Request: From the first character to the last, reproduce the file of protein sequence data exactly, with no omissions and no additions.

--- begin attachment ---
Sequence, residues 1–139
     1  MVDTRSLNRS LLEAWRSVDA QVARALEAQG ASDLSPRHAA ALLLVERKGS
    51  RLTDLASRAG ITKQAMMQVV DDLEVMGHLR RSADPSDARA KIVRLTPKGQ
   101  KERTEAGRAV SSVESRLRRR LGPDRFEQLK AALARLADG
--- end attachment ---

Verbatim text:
Sequence, residues 1–139
     1  MVDTRSLNRS LLEAWRSVDA QVARALEAQG ASDLSPRHAA ALLLVERKGS
    51  RLTDLASRAG ITKQAMMQVV DDLEVMGHLR RSADPSDARA KIVRLTPKGQ
   101  KERTEAGRAV SSVESRLRRR LGPDRFEQLK AALARLADG